Hollywood may be slowly going off the deep end. We’re drowning in kids’ and family movies with ridiculous cash-grab concepts and casts of celebrities who seem to have way too much time on their hands (I wonder, would Jimmy Stewart have played a cartoon talking turd?).
From what I can tell, there seems to be some kind of prize for delivering the biggest, loudest superhero explosion. And I think most people can agree that Tim Burton and Johnny Depp need to be separated before we get any more terrible remakes.
Now, I won’t lie. I love a nice, relaxing blockbuster if the story and characters are up to scratch. I thought “Inside Out” and “Coco” were actually really sweet. But film has so much unfulfilled potential that we seem to have left far behind us.
We used to create works of art that allowed us to be shocked, to think and reflect, to laugh until our sides hurt, or to cry like toddlers. Sure, the big films with the merchandise at your theater are mostly fine, sometimes great. I was a big fan of “The LEGO Movie,” even though it was essentially an insightful cash grab. But I think we need to go back to the classics — both as viewers and filmmakers.
Return to the chilling tales of Hitchcock. The adventure of a gunslinger riding into the sunset. And the witty, passionate affection an Audrey Hepburn line can bring. We should regain some of this time in film, before studios raced to bring off the biggest effect extravaganza, and when we made movies for their quality. And, personally, I would like to see a few more people not ask, “Who?” when I say names like George Bailey.
Before film really became what it is today, the movies at most theaters were not mostly family films, blockbusters or horror flicks. Sure, there was Disney and the first of the Bond films, and Universal’s run of monster movies. But there were also westerns; great, sweeping epics like Ben-Hur; film noir and romances, that, in all fairness to those of today, did not depend on either dirty jokes, or anything to do with an airport.
Film today is largely good, but there are so many films, so many entire genres, that are nearly gone. And these hold so much new territory that might completely change how we make and how we view film. Most teens have never been exposed to this, whether through new films being made or watching older ones.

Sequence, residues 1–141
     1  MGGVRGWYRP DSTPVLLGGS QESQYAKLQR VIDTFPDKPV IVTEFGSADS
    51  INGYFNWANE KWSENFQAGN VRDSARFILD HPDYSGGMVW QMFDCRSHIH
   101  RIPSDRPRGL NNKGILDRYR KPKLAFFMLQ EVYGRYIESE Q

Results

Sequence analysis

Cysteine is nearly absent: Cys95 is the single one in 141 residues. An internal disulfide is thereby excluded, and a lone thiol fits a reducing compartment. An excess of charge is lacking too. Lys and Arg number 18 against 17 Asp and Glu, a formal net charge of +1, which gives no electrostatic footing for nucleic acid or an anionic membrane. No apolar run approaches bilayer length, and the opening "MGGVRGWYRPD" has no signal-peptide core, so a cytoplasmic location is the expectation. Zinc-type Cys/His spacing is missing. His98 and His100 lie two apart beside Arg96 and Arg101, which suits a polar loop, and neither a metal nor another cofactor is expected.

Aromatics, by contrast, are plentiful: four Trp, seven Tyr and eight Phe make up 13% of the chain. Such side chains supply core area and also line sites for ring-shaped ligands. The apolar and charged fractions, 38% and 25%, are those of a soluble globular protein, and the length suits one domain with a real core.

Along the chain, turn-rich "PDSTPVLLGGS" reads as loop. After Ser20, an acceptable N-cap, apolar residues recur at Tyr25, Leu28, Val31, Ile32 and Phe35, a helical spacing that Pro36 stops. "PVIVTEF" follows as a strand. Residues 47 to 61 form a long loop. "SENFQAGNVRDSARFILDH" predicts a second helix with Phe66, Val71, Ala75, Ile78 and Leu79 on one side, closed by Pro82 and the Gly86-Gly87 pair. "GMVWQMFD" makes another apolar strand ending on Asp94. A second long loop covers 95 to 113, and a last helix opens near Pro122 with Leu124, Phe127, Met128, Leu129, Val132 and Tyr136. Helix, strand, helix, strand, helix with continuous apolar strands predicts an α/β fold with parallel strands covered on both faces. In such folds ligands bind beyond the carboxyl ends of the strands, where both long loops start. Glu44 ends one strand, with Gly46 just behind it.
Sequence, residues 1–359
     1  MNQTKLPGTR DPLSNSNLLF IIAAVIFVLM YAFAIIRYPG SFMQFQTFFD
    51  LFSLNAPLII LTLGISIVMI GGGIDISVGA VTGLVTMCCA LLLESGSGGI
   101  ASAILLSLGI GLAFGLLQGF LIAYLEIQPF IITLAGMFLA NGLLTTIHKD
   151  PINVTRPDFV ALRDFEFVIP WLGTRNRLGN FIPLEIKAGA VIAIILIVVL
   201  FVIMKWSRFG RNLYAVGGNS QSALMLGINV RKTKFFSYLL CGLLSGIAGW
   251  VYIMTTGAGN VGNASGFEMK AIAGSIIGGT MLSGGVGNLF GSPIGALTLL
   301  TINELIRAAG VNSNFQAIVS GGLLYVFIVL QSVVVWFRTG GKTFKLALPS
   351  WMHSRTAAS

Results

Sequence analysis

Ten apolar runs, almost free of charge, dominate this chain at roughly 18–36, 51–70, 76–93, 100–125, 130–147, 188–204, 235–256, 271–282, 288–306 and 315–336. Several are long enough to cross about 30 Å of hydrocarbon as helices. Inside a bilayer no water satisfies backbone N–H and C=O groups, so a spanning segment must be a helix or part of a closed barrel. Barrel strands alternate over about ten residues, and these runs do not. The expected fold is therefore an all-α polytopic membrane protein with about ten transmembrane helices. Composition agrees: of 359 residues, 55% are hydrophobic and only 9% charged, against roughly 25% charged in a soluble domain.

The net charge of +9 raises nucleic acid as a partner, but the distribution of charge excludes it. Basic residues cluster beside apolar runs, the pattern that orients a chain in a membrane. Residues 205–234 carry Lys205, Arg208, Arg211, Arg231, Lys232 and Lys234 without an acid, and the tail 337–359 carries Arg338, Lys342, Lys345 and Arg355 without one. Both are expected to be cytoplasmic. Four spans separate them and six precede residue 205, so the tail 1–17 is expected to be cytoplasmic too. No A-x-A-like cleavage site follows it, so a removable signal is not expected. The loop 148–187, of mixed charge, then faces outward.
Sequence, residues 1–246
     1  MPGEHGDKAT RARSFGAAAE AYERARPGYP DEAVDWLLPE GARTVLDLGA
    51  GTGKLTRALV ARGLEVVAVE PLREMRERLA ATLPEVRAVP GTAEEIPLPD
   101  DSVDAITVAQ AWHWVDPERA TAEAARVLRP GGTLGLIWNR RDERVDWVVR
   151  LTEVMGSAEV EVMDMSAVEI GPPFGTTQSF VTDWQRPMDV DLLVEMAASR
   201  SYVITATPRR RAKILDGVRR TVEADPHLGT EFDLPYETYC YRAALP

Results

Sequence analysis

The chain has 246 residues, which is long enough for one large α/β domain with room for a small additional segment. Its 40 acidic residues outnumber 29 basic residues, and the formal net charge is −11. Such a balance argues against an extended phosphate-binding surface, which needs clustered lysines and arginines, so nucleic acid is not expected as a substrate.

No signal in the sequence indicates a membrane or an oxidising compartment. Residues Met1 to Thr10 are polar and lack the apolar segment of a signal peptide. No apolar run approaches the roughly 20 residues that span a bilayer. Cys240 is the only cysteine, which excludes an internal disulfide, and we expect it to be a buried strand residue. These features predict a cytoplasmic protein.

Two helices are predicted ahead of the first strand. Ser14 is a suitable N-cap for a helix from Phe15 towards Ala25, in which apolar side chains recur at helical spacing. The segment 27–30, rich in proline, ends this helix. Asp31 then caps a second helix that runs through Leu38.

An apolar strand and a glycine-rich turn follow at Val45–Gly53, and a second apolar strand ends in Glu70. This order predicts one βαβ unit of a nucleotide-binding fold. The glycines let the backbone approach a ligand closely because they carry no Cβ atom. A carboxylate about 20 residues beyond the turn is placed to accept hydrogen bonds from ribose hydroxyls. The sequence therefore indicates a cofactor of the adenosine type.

I hope that, if the filmmakers of today will not remember these, then we, the filmmakers of tomorrow, will. There is so much we can explore that we are not. So many themes and ideas, laughs and tears, and stories and characters are gone. Even if film today was perfect, we would still need to revisit the work of the past. So try a couple of older films. Then, if you like to act, or write or film, use what you see. And maybe just have a little fun along the way.
Here are some good films to start with:
n “The Man Who Shot Liberty Valance” — A dark western about the legendary death of the titular outlaw, told in flashback by his killer. In the end, we learn the myth is greater than the man.
n “2001: A Space Odyssey” — A long epic of the human experience, from apes playing with bones, to spaceships hurtling through space — a sci-fi work of art with hardly any dialogue.
n “My Fair Lady” — A romantic musical and rags-to-riches story of a poor British flower seller, helped and harassed by a rich professor. Unfortunately, I’ll admit, it’s a little misogynistic.
n “The Manchurian Candidate” — A political thriller in which U.S. soldiers begin to suspect something is off about their decorated commander, and slowly unravel a multinational conspiracy. It reeks of Cold War paranoia, but the story is riveting.
n “Monty Python and the Holy Grail” — The story of King Arthur’s search for the Holy Grail from the acclaimed British comedy troupe. Possibly the funniest film I’ve ever seen. Really, it’s hilarious.